It looks like the new Generation Why team are a bit more picky about the kinds of things that get published – my seemingly innocuous report from the 2006 Wychwood Festival was subtly edited, so I’m posting the original as well as the link.

My piece on Wychwood 2006 for Oxfam’s Generation Why.

The original piece:

Wychwood 2006: And They’re Off!

For Oxfam volunteers, the Wychwood Folk Festival marks the beginning of the stewarding season. Located amid the rolling hills of the Gloucestershire countryside, it offers the best in contemporary folk music and an intimate, friendly vibe. Old hands and newbies alike found it the perfect start to the summer.

The weekend kicked off on Thursday evening with a typically informative and entertaining briefing session (who would have thought that fire extinguisher dry powder is a mild laxative?). Stewards received their day-glo tabards and work assignments, and then were left to their own devices. Most immediately checked their shifts against the list of performance times, and for me the rest of the first evening was spent with my co-campers accompanying a violin and two tin whistles using a frisbee as a percussion device.

Friday saw my first stewarding shift – I’d pulled “floating” duty, which means filling in where extra people are needed and (often) delivering tea and coffee to thirsty volunteers. Sent out to the farthest reaches of the site, our team enforced a laissez-faire one-way system, investigated several suspicious fires (mostly barbecues) and kept a weather eye on the campers. For some reason, we had a steady stream of people wanting to pitch tents on the racecourse (a strict no-no).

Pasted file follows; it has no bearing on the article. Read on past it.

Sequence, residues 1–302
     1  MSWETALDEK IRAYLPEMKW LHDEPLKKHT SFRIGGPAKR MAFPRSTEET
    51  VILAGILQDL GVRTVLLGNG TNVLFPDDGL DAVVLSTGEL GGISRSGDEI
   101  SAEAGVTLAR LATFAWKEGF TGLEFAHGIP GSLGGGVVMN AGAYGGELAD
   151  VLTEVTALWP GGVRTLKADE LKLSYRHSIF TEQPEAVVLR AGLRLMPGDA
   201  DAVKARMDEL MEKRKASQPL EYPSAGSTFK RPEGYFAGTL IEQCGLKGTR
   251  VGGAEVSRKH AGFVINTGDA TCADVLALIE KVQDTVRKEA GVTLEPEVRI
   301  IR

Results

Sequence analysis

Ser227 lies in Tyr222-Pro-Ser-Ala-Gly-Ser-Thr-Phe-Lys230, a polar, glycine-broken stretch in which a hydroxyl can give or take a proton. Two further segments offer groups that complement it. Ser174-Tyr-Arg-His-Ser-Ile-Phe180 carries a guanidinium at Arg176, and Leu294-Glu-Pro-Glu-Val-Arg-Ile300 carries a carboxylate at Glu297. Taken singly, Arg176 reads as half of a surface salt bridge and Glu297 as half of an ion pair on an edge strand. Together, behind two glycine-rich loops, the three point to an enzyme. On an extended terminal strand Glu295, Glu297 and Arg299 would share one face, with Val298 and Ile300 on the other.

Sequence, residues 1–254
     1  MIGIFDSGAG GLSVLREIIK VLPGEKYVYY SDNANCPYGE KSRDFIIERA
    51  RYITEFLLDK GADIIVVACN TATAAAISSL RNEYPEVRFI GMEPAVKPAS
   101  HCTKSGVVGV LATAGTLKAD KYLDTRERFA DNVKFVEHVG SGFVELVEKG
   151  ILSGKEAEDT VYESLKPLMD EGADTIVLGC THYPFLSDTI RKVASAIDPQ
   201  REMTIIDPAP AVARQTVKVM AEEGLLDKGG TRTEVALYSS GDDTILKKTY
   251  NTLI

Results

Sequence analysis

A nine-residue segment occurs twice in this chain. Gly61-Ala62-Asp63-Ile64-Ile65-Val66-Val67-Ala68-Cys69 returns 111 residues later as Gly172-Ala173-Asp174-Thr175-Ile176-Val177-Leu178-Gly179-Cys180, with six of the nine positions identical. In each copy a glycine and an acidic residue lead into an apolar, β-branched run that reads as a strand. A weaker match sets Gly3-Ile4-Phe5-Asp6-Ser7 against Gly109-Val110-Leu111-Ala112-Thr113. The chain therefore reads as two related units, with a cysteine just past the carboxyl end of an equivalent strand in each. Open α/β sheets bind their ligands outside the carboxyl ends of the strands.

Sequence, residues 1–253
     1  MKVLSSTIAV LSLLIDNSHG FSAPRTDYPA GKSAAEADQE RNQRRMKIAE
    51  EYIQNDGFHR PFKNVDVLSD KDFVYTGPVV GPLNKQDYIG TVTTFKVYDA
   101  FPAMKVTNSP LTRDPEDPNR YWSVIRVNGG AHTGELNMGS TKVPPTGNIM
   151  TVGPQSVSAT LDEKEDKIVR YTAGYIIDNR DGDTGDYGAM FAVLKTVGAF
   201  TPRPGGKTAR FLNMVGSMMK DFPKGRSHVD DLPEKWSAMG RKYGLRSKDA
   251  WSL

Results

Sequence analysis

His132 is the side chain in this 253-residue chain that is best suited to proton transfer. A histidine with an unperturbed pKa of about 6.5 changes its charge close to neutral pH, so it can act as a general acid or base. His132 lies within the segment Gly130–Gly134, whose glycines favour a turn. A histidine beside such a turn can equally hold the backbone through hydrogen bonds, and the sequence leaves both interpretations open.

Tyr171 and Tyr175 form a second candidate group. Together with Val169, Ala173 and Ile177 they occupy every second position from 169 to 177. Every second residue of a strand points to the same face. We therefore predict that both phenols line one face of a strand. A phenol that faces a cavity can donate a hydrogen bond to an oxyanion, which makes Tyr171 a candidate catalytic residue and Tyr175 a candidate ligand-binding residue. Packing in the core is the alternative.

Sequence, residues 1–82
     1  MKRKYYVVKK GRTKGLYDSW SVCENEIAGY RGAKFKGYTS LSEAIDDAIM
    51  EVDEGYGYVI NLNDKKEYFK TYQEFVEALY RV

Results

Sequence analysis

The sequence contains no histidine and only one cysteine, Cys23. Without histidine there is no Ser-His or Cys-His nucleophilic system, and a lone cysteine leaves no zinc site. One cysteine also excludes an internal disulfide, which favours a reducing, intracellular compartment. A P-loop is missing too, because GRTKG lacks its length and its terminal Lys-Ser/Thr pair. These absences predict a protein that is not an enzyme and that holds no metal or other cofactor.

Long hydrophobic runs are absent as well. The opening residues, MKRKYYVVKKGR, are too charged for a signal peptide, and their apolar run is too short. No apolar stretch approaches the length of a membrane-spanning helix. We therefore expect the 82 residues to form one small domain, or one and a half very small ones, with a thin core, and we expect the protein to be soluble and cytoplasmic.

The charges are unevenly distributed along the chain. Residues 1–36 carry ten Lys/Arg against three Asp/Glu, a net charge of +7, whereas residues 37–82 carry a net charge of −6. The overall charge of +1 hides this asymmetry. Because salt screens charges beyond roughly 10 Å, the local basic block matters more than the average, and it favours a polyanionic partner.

Saturday’s shift was more traffic management, this time at the opposite end of the site under a baking sun (but next to a field full of kites). Tour buses arrived, dropping off suspiciously clean-looking musicians, a steam train chugged by every hour or so, and crew vehicles zoomed around on patrol.

My final shift was the dreaded “graveyard” overnighter, but thankfully I was placed on the main campsite entrance – meaning that I saw and spoke to just about everyone coming back to their tent after a hard weekend’s partying. Everyone was uniformly tired, happy and trying not to think about starting work again. Once dawn broke, the festival started to wind down and it was all over for another year. Had it really been three days already?

This article gives a (very!) brief look at stewarding, but there was so much else going on it would take another few articles to get everything in. The standard of music was unbelievable (if you ever get the chance to see the Peatbog Faeries, go!), and the Silent Disco made a very welcome appearance. There were countless workshops (in things like poi and ocharina making), films, stand-up comedians, ethnic stalls and some of the most delicious food I’ve ever had.

For more stories and photographs from Wychwood 2006, check out the galleries on the Oxfam Stewards forums!

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